The Kingpin has most of the slinky style details of the pretty Vegas – including a frenched-in LED taillight that caps off the curvaceous rear end – but adds a sportier edge with its own inverted fork and a 130/70-18 front tire as opposed to the narrow 90/90-21 on the front end of the Vegas. The ’Pin therefore was sharper handling and better balanced at all speeds than the chopper-esque Vegas, even if its bulkier fenders added a few extra pounds. When equipped with a windshield and bags, the Kingpin could be transformed into a mile-munching touring cruiser, with roomy floorboards never cramping legs. –Kevin Duke
Victory introduced its first power cruiser, the Hammer and Hammer S, in 2005. The Hammers were also one of the first Victory models to jump in early on the huge rear-tire trend, wearing a 250/40-18. For the occasion, Victory invited the moto media to Austin, Texas, where we we spent a day enjoying the undulating features of Texas Hill Country and gorging ourselves on Texas bar-b-que. One of the tastiest Victory press launches we ever attended.
“The Hammer presents a mixed bag of improvements,” summarized Sean Alexander in his 2005 Victory Hammer & 8-Ball Intro report. “Its fit and finish are outstanding, and the new Freedom 100/6 powerplant should be standard on all of Victory’s motorcycles. However, this bike is really more of a styling exercise than a true rider’s motorcycle.” –Tom Roderick
Polaris Industries presented its motorcycle calling card in the late-90s with a prototype cruiser dubbed the V92C. Production began in late 1998 with consumer bikes coming to market as 1999 production models. Victory’s first motorcycle was a praiseworthy effort but a long way off from challenging established cruiser champion, Harley-Davidson, which is easily gleaned from our 1998 report on the V92C.
“It’s hard to not get swept up in the excitement of a new bike manufacturer on the market,” we wrote back in the day. “When the lights go down and there’s a big show on the center stage, anything looks hot and sexy. But when the balloons lose their helium and the janitor comes through with the mop, reality sets in: The Victory just doesn’t have anything to set it apart from the other cruisers on today’s market. Taking design cues from vintage cruiser bikes, cars and aviation styles is not new to this market.” –Tom Roderick
There was a lot of anticipation when Victory unveiled the Project 156. Built in conjunction with Roland Sands Design, the P156 was built to tackle one of America’s last great races: the Pikes Peak International Hill Climb. If that wasn’t exciting enough, the power for the racer was another hot-button topic: a prototype (at the time) V-Twin with items you don’t normally associate with Victory: liquid-cooling, huge 67mm throttle bodies, and titanium valves. There was no way this engine, or some derivative of it, wouldn’t make it into production. The question, of course, was what it would be.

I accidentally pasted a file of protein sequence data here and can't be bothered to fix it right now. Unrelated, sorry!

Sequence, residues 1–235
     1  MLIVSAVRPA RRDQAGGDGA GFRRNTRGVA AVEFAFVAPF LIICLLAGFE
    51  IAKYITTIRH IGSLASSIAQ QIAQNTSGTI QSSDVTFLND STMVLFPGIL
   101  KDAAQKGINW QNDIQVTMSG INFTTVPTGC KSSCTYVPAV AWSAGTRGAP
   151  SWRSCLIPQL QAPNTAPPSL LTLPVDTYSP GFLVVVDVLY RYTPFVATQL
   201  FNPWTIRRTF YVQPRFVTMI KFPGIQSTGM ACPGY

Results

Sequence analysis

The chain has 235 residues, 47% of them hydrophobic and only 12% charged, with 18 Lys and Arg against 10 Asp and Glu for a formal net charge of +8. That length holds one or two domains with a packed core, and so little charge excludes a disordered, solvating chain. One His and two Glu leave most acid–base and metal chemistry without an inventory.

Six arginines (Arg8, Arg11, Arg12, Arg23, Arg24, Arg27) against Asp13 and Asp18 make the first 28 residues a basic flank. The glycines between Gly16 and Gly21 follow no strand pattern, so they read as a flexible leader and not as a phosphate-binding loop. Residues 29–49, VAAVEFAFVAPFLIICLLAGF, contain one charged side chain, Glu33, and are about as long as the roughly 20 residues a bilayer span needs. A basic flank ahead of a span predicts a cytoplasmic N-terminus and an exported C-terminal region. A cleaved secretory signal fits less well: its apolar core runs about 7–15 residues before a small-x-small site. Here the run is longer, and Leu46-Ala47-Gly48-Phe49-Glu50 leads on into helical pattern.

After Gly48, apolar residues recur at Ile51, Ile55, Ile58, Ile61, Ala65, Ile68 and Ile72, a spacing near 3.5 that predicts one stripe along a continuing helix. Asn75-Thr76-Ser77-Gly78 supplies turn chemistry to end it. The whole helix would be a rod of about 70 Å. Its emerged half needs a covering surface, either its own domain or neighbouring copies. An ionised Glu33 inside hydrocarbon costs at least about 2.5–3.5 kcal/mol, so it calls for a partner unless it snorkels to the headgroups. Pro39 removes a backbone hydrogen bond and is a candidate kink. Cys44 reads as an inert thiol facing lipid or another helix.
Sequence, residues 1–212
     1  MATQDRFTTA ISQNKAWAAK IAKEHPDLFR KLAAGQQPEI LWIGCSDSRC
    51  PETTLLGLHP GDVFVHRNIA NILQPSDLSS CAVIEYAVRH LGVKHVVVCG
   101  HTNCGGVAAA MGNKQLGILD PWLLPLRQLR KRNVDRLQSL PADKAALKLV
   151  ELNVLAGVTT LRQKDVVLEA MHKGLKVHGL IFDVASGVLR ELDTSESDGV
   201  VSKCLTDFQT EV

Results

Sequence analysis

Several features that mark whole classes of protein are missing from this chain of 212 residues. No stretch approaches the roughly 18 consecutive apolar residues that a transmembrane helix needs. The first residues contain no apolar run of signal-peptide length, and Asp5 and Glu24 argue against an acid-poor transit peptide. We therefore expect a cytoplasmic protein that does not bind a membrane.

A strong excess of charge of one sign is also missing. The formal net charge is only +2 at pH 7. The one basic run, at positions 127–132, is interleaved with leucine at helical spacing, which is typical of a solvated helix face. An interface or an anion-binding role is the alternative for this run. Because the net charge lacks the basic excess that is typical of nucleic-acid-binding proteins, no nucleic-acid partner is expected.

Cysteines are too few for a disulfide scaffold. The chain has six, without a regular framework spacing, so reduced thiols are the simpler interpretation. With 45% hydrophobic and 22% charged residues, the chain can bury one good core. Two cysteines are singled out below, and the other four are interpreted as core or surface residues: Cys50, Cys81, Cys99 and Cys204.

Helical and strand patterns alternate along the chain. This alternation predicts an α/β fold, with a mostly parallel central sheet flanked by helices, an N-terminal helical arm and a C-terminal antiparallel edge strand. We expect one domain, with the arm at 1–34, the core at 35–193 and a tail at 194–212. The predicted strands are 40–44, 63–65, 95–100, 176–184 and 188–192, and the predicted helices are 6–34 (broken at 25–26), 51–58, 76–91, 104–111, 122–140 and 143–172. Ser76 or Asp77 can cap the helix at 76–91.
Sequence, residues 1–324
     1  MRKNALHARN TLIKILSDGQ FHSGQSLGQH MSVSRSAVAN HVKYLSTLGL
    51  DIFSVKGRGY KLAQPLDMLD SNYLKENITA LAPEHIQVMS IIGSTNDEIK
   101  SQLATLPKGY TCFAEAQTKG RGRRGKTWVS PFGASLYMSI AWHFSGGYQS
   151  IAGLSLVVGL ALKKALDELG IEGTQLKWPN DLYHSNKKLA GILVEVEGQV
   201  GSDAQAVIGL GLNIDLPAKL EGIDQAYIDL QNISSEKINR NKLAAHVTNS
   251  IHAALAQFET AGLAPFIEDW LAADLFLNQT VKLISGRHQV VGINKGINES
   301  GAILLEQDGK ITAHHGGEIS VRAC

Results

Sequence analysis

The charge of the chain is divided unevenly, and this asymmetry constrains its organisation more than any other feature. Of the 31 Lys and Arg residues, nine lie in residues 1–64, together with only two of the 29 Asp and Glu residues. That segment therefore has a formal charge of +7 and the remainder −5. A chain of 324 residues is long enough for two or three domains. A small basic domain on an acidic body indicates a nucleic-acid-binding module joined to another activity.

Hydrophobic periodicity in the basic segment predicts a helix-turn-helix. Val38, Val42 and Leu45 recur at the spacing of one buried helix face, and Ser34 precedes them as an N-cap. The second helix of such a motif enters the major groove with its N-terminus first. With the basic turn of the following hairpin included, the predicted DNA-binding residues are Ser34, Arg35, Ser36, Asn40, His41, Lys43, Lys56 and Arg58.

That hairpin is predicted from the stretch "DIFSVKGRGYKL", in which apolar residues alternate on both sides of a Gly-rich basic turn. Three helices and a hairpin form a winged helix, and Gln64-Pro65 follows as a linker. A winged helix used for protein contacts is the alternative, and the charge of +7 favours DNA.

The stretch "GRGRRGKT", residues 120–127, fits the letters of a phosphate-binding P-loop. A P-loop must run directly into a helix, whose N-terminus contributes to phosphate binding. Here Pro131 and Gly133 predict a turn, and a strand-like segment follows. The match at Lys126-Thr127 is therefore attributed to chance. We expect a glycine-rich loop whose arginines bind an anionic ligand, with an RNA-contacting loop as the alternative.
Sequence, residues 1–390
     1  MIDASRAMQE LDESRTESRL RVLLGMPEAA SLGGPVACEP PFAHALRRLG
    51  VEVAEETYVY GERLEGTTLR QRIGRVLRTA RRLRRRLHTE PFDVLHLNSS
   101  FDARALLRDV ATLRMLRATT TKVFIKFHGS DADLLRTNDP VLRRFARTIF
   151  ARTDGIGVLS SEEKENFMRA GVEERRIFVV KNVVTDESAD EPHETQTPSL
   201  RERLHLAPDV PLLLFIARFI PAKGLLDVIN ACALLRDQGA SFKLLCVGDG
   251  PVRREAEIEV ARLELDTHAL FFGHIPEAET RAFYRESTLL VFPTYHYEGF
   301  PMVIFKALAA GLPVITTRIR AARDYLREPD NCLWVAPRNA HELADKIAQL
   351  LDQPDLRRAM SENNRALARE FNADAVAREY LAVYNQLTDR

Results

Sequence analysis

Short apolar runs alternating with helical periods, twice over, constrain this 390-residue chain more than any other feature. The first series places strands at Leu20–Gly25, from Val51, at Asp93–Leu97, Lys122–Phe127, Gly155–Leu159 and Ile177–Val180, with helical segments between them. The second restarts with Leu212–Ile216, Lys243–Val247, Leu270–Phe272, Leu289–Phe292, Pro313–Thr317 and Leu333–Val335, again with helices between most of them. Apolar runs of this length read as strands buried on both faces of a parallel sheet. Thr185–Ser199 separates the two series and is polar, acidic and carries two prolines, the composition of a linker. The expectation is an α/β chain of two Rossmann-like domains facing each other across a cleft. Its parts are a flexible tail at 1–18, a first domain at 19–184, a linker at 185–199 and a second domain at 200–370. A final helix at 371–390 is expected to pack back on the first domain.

The Octane (and Indian Scout, but that’s another story) was the answer. While many (including us) were disappointed that the Octane wasn’t a sporty bike but instead a power cruiser, that shouldn’t negate the fact the Octane is one hell of a power cruiser. With 1179cc, 88.6 hp, and 66.9 lb-ft of torque, the Octane will snap the rear end loose with a twist of the wrist. The engine likes to rev, and if you’re willing to oblige then there’s plenty of fun to be had. There were some hiccups like abrupt on/off throttle, but there was no question it was a definite departure for Victory. We were looking forward to seeing what was to come with this platform – or at least the engine. Oh well. Better start looking across the aisle at Indian. –Troy Siahaan
While we cheered on the addition of another American motorcycle company to the scene in the Y2K era, we were skeptical of Victory achieving true sales success when its bikes looked significantly more homely than the products in Harley dealerships. That changed when the Vegas debuted in 2003, a new design from the pen of Polaris’ Michael Song featuring lovely details like the scalloped and sculpted fuel tank with a ridged spine mimicking the spine on both fenders. Now that a Vic looked as good or better than its competition, we could more easily appreciate features like Brembo brakes, an aluminum swingarm, extra power, and a superior clutch and transmission. –Kevin Duke
New for 2010, Victory’s Cross Country was built to go head-to-head with a certain other American manufacturer’s bagger – complete with frame-mounted fairing (with sound system), hard saddlebags and not a lot else save for that ubiquitous 106-cubic inch V-Twin. Well, it also had a much better chassis than its main competitor (aluminum rather than steel), complete with 4.3 inches of rear suspension travel.
Later it would evolve into the excellent CC Tour Deluxe pictured above, complete with trunk, cruise control and all the rest of it, but all the CCs were superb, bulletproof long-distance motorcycles.
The original CC was good enough to be our Cruiser of the Year in 2010. It won out over an H-D Street Glide and a Yamaha (nee “Star”) in this 2011 comparison. And EiC Duke enjoyed an epic jaunt to Sturgis on this special Cory Ness Signature Edition. –John Burns